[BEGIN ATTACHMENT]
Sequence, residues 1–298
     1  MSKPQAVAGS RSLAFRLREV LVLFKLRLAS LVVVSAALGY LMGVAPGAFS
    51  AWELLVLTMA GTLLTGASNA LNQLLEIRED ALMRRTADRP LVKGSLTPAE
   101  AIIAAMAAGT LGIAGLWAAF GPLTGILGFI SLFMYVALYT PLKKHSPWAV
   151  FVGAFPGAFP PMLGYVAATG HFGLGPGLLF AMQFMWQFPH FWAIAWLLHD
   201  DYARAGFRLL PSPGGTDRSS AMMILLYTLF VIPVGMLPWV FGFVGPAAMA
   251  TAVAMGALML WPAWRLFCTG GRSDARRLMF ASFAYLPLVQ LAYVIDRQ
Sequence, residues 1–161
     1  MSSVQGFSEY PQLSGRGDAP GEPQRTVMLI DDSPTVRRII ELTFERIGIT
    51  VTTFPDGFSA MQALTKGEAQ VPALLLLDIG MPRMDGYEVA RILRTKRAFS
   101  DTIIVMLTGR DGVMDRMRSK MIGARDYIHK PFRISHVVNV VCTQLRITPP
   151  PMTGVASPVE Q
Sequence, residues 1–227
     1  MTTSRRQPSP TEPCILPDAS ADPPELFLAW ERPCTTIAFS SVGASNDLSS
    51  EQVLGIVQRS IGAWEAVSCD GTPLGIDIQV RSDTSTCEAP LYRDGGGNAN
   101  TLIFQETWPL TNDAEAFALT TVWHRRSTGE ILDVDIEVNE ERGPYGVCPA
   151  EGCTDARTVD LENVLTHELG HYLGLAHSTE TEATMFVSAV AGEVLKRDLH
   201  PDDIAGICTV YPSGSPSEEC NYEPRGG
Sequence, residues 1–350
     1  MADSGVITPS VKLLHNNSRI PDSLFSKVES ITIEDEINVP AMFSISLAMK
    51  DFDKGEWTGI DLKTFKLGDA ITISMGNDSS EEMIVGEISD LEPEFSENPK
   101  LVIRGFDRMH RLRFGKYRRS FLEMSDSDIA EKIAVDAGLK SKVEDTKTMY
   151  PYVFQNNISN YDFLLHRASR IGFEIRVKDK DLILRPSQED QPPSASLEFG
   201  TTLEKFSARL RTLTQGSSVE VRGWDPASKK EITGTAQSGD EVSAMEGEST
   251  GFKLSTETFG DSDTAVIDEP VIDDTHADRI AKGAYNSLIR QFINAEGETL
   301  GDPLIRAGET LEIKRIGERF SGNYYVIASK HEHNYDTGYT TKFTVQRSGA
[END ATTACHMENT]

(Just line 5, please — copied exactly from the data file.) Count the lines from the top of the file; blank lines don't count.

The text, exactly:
   151  FVGAFPGAFP PMLGYVAATG HFGLGPGLLF AMQFMWQFPH FWAIAWLLHD